TILBURG – If there is one thing that financial markets detest, it is prolonged uncertainty. But, since the eurozone crisis began, policymaking in the monetary union has become increasingly unpredictable. Early private-sector involvement in supporting the troubled eurozone countries was unexpected. The recent deal to save Cyprus, which includes forced losses on large depositors, was similarly surprising – and is threatening to damage further the eurozone’s already-delicate relationship with financial markets.
A previous proposal suggests that not even insured deposits of less than €100,000 ($129,000) are safe. Although Cypriot lawmakers decisively rejected the plan to impose a one-time tax of almost 7% on such deposits only a couple of days after it was presented, the damage has been done. People in Spain, Portugal, and other troubled eurozone countries now fear for their savings should their country need emergency loans from its partners.
Unpredictability could damage the eurozone even more than the crisis itself. Large-scale capital flight from the eurozone’s weaker economies would put them in dire straits, forcing their partners to provide even more emergency assistance, while capital flight from the eurozone as a whole could destabilize even its strongest economies, bringing the monetary union closer to a chaotic breakup. Moreover, by undermining confidence, unexpected measures can drive citizens to vote for populist leaders, adding political uncertainty to Europe’s challenges.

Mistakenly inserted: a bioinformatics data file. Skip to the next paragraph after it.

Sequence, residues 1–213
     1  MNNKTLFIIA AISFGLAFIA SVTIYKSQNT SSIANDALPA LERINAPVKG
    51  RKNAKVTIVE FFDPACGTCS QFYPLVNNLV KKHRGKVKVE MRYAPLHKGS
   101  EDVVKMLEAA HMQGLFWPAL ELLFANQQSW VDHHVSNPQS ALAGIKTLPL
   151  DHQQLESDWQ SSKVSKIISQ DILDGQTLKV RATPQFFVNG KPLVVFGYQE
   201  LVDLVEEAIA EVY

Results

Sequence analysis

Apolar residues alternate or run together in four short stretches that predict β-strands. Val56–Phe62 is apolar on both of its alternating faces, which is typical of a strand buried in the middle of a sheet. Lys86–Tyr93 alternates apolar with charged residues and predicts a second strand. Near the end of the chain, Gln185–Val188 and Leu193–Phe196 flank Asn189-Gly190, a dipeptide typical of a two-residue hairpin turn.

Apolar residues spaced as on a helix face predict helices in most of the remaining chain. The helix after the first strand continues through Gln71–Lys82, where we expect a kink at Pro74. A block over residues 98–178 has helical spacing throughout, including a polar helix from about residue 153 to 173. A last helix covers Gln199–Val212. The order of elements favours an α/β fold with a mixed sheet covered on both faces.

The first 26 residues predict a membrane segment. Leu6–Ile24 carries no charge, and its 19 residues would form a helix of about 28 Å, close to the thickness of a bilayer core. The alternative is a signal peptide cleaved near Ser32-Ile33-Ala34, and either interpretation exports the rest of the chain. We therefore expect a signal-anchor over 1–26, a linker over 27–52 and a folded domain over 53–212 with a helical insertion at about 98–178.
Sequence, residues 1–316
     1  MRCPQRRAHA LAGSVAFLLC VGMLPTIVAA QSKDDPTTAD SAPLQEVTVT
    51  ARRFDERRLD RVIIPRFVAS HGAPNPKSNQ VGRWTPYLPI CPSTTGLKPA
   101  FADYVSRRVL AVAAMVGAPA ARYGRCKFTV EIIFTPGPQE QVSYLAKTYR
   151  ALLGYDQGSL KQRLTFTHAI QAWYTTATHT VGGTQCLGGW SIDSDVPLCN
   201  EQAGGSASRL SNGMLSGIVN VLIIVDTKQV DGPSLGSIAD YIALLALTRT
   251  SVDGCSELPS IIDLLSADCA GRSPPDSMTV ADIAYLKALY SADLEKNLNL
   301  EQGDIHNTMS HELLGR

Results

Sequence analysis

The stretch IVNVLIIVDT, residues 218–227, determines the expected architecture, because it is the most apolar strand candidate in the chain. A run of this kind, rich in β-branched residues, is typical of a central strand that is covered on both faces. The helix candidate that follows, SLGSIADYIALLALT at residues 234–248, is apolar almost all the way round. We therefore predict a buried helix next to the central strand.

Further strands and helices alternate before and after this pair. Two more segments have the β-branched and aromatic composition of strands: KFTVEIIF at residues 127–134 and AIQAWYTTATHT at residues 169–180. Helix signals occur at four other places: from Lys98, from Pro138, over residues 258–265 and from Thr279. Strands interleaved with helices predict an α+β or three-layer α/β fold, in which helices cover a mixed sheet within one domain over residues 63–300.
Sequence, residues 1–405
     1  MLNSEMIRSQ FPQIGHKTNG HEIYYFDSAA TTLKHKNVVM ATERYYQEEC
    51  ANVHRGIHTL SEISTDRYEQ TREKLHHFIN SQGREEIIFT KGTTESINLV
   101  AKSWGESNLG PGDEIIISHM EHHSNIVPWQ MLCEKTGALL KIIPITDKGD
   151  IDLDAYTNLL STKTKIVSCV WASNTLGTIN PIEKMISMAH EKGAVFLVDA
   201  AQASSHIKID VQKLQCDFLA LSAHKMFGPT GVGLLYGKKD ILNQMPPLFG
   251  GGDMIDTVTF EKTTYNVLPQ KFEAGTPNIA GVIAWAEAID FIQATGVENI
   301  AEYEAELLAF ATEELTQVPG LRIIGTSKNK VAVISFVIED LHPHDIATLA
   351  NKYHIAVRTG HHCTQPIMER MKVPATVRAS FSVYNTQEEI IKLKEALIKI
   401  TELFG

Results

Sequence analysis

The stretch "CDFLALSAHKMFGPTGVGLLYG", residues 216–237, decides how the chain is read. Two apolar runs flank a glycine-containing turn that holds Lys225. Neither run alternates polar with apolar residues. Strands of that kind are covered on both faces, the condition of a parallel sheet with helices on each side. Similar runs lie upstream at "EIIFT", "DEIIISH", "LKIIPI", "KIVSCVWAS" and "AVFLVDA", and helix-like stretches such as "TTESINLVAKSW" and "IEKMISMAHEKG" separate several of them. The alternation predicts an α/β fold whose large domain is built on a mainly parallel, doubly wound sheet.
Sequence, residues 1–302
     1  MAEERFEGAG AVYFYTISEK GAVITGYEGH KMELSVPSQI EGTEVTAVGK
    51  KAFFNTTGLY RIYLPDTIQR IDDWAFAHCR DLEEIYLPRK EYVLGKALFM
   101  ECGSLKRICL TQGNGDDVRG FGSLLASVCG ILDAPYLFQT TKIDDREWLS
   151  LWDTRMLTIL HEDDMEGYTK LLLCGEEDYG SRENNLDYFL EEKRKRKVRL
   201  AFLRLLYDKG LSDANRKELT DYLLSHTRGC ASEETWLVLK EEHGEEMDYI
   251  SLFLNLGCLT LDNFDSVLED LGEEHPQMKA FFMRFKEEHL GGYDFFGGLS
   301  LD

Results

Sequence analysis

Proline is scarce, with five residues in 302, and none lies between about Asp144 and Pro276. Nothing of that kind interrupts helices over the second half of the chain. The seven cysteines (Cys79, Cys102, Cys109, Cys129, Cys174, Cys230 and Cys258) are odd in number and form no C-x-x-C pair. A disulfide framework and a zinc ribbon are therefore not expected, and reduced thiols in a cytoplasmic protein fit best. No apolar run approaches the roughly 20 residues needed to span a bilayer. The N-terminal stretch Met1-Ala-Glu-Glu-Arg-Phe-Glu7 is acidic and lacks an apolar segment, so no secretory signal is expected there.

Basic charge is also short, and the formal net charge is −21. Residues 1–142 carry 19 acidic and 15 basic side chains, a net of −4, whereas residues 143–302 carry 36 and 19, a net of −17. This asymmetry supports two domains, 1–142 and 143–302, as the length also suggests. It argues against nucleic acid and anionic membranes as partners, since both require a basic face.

Paradoxically, the eurozone’s strict anti-exit policy is a major source of volatility. With no mechanism for orderly exit in place, the prospect of a chaotic departure by one or more countries petrifies financial markets and destabilizes the entire monetary union.